Vastavam web: Astronomers have created the first global thermal map of Jupiter’s icy moon Europa by using images taken with the ALMA observatory in Chile.
The new series of four images of Europa have a resolution of about 200 kilometers, sufficient to study the relationship between surface thermal variations and the moon’s major geologic features.
The research, published in the Astronomical Journal, compared the new observations of Europa by Atacama Large Millimeter/submillimeter Array (ALMA) to a thermal model based on observations from the Galileo spacecraft. The new data also revealed an enigmatic cold spot on Europa’s northern hemisphere.
“These ALMA images are really interesting because they provide the first global map of Europa’s thermal emission,” said Samantha Trumbo, a planetary scientist at the California Institute of Technology in the US. “Since Europa is an ocean world with potential geologic activity, its surface temperatures are of great interest because they may constrain the locations and extents of any such activity,” Trumbo said.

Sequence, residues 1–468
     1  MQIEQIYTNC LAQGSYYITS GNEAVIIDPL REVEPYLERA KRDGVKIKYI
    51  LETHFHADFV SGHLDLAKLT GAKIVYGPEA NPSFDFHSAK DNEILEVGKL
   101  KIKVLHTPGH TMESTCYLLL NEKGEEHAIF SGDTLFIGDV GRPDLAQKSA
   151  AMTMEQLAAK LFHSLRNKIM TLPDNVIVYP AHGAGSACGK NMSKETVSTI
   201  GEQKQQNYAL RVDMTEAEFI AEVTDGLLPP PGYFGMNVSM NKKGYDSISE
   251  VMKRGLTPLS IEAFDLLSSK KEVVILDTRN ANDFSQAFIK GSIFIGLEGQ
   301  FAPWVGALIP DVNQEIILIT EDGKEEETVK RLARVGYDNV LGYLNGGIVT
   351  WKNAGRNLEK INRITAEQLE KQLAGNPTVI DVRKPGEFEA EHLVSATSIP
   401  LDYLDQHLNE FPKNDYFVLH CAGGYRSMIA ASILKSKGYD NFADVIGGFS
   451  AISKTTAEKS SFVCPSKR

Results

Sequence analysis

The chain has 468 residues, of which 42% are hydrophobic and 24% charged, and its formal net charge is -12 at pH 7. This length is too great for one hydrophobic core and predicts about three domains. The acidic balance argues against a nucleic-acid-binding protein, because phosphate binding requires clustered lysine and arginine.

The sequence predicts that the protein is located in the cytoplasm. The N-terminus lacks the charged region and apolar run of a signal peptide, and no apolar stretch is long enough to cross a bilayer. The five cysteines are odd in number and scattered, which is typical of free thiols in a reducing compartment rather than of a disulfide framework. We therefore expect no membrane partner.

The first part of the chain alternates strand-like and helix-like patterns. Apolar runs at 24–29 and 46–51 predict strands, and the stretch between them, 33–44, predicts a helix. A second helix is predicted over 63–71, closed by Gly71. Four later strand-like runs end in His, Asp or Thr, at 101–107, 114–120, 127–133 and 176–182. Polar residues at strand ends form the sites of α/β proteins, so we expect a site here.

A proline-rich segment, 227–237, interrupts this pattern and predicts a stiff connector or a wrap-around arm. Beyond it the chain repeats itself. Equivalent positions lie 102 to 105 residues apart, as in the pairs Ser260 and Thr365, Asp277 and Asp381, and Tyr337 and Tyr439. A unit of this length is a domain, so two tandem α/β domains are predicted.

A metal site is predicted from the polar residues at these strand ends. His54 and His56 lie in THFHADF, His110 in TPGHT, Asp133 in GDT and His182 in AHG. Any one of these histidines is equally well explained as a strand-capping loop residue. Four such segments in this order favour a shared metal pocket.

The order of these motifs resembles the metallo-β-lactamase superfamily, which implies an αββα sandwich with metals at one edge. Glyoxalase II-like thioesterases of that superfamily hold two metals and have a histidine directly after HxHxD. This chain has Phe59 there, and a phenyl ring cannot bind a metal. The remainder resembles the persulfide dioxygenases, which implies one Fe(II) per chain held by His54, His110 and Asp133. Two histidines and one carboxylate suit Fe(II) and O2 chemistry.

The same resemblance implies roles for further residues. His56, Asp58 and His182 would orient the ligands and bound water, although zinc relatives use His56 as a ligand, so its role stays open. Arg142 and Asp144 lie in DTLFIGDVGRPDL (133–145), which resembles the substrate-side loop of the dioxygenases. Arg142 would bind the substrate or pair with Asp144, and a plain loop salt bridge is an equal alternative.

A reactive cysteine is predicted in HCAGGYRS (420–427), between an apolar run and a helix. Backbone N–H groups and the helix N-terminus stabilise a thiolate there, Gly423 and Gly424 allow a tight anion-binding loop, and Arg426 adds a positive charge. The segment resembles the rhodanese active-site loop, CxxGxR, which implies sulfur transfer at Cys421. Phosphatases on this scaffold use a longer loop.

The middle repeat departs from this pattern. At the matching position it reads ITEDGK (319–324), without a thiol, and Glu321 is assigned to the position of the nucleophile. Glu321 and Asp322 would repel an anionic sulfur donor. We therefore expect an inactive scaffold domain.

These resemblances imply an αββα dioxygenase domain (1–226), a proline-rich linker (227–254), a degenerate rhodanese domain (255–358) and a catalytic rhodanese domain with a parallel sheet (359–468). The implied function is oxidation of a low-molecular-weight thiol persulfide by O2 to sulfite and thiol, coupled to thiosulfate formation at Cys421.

Europa also has a comparatively young surface, only about 20 to 180 million years old, indicating that there are as-yet-unidentified thermal or geologic processes at work. Unlike optical telescopes, which can only detect sunlight reflected by planetary bodies, radio and millimeter-wave telescopes like ALMA can detect the thermal “glow” naturally emitted by even relatively cold object in our Solar System, including comets, asteroids, and moons. At its warmest, Europa’s surface temperature never rises above minus 160 degrees Celsius, researchers said.